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Is Something Really Wrong with Macroeconomics?

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  • Ricardo Reis

    (Economics Department London School of Economics (LSE)
    Centre for Macroeconomics (CFM))

Abstract

While there is much that is wrong with macroeconomics today, most critiques of the state of macroeconomics are off target. Current macroeconomic research is not mindless DSGE modeling filled with ridiculous assumptions and oblivious of data. Rather, young macroeconomists are doing vibrant, varied, and exciting work, getting jobs, and being published. Macroeconomics informs economic policy only moderately and not more nor all that differently than other fields in economics. Monetary policy has benefitted significantly from this advice in keeping inflation under control and preventing a new Great Depression. Macroeconomic forecasts perform poorly in absolute terms and given the size of the challenge probably always will. But relative to the level of aggregation, the time horizon, and the amount of funding, they are not so obviously worst than those in other fields. What is most wrong with macroeconomics today is perhaps that there is too little discussion of which models to teach and too little investment in graduate-level textbooks.

Suggested Citation

  • Ricardo Reis, 2017. "Is Something Really Wrong with Macroeconomics?," Discussion Papers 1713, Centre for Macroeconomics (CFM).
  • Handle: RePEc:cfm:wpaper:1713
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    References listed on IDEAS

    as
    1. Reis, Ricardo, 2016. "Funding quantitative easing to target inflation," LSE Research Online Documents on Economics 67883, London School of Economics and Political Science, LSE Library.
    2. Joshua D. Angrist & Jörn-Steffen Pischke, 2017. "Undergraduate Econometrics Instruction: Through Our Classes, Darkly," Journal of Economic Perspectives, American Economic Association, vol. 31(2), pages 125-144, Spring.
    3. Ricardo Reis, 2009. "Interpreting the Unconventional U.S. Monetary Policy of 2007-09," Brookings Papers on Economic Activity, Economic Studies Program, The Brookings Institution, vol. 40(2 (Fall)), pages 119-182.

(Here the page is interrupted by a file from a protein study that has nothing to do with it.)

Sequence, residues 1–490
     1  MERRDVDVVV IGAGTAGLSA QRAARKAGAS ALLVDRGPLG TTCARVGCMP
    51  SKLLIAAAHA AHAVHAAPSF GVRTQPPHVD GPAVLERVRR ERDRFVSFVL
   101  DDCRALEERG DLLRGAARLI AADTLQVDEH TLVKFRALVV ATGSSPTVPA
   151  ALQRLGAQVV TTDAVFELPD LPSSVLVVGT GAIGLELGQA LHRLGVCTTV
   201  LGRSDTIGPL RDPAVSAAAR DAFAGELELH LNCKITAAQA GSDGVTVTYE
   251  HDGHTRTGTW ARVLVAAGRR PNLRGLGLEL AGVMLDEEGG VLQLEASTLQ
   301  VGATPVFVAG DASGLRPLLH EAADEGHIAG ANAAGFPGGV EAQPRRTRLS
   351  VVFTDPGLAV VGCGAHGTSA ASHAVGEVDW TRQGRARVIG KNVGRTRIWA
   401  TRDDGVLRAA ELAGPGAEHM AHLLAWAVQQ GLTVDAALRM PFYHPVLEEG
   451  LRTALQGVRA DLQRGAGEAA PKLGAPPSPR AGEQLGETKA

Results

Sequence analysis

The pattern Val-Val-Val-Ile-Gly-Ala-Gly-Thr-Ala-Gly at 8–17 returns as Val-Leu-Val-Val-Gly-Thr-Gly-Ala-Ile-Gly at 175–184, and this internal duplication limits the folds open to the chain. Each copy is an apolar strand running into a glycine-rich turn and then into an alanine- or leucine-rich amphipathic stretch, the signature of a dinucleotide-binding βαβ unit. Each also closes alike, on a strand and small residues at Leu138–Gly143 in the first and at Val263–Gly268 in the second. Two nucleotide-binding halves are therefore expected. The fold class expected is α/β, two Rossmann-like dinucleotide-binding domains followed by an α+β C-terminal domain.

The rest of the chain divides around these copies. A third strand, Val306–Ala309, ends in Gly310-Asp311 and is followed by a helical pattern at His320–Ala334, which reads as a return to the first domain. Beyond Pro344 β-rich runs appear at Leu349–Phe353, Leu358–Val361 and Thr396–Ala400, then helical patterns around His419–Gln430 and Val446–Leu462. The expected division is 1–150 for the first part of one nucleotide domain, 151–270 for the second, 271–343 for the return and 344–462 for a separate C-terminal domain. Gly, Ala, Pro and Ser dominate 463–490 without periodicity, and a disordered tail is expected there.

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    5. Jens Hilscher & Alon Raviv & Ricardo Reis, 2022. "Inflating Away the Public Debt? An Empirical Assessment [Crisis and commitment: Inflation credibility and the vulnerability to sovereign debt crises]," Review of Financial Studies, Society for Financial Studies, vol. 35(3), pages 1553-1595.
    6. Joshua D. Angrist & Jörn-Steffen Pischke, 2009. "Mostly Harmless Econometrics: An Empiricist's Companion," Economics Books, Princeton University Press, edition 1, number 8769.
    7. Olivier Blanchard, 2016. "Do DSGE Models Have a Future?," Policy Briefs PB16-11, Peterson Institute for International Economics.
    8. Oh, Hyunseung & Reis, Ricardo, 2012. "Targeted transfers and the fiscal response to the great recession," Journal of Monetary Economics, Elsevier, vol. 59(S), pages 50-64.
    9. Clements, Michael P. & Hendry, David F. (ed.), 2011. "The Oxford Handbook of Economic Forecasting," OUP Catalogue, Oxford University Press, number 9780195398649.
    10. David Card & Giovanni Peri, 2016. "Immigration Economics by George J. Borjas: A Review Essay," Journal of Economic Literature, American Economic Association, vol. 54(4), pages 1333-1349, December.
    11. Nazaré da Costa Cabral & José Renato Gonçalves & Nuno Cunha Rodrigues (ed.), 2017. "The Euro and the Crisis," Financial and Monetary Policy Studies, Springer, number 978-3-319-45710-9, May.
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    JEL classification:

    • J1 - Labor and Demographic Economics - - Demographic Economics

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